Hamas has demonstrated that it uses building materials for attack tunnels and underground lairs, not schools, homes, and hospitals
What happened when a bunch of kids took over America’s second-largest burger chain
Before they can be sent home, they need to be housed, fed, and given court dates
The average American spends more time per day on Facebook than on pet care
Cynk had no assets and no revenue. But it got a $6 billion valuation. Then it blew up
The check-in app is now a search app, and its logo has changed accordingly
The company saw 11 percent growth in earned premiums, and it's now the No. 2 auto insurer behind State Farm
Judy Olian offers nine ideas to boost the number of women and other minorities on b-school faculty
For chief executive officers, correlation between pay and stock performance is pretty random, as this chart illustrates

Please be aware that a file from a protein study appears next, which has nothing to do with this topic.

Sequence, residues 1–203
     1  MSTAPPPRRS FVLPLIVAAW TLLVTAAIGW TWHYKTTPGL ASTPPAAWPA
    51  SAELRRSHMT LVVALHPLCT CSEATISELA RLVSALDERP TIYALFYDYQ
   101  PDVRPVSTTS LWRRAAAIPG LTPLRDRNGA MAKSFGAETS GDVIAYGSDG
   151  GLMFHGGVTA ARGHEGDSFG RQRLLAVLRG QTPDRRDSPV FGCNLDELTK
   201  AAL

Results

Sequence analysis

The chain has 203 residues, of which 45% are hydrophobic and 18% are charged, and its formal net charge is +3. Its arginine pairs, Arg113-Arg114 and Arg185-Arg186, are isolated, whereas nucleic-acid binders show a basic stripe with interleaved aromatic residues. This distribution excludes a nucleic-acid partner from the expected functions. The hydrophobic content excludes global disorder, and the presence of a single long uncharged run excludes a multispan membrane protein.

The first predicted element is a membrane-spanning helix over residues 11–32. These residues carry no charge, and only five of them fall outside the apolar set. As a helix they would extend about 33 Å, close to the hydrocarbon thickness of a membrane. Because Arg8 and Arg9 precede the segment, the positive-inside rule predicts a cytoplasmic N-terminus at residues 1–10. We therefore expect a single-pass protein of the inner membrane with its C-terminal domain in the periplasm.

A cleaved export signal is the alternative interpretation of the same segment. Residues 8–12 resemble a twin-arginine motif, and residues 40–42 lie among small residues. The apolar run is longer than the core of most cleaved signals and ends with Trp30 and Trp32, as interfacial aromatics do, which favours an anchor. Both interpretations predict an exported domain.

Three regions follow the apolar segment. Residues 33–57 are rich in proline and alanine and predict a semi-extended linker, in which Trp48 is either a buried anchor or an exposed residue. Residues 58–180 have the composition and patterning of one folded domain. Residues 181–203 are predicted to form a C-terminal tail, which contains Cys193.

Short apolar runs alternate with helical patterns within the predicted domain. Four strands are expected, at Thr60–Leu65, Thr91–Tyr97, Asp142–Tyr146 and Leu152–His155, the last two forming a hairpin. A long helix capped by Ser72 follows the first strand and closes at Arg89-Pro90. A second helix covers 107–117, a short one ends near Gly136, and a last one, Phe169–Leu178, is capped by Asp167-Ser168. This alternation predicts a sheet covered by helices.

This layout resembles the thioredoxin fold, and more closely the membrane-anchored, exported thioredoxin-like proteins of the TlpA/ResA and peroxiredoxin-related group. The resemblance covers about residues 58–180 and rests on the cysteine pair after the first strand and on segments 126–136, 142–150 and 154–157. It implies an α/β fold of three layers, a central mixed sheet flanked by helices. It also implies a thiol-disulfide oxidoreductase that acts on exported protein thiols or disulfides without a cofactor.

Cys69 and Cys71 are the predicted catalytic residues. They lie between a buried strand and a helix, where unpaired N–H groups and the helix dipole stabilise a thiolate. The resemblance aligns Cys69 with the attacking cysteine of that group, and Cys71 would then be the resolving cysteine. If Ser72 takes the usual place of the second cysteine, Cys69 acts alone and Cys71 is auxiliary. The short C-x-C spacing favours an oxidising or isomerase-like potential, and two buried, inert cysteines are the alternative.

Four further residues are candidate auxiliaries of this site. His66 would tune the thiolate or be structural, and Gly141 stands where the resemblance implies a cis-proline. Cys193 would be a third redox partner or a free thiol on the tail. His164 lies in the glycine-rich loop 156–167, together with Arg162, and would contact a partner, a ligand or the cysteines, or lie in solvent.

The formerly unthinkable has happened: General Motors, once the world's most powerful corporation, has filed for Chapter 11 bankruptcy in order to reorganize as a smaller, more viable company. In the mid-1960s, GM made half of all vehicles sold in the U.S. and employed more workers than any other company in the nation. But by the late 1970s, the forces that would bring down the industrial giant were already in play: legacy labor costs, competition from foreign automakers, and rising fuel prices. Here's an interactive look at GM's decline since its production peak in 1978.
Data sources: AP, Reuters, Bloomberg, GM, Toyota, Detroit News, state of Michigan, Wall Street Journal, Ward’s AutoInfoBank, IHS Global Insight, Google Finance, Hoover’s, SEC filings, Motor Intelligence, Energy Information Administration
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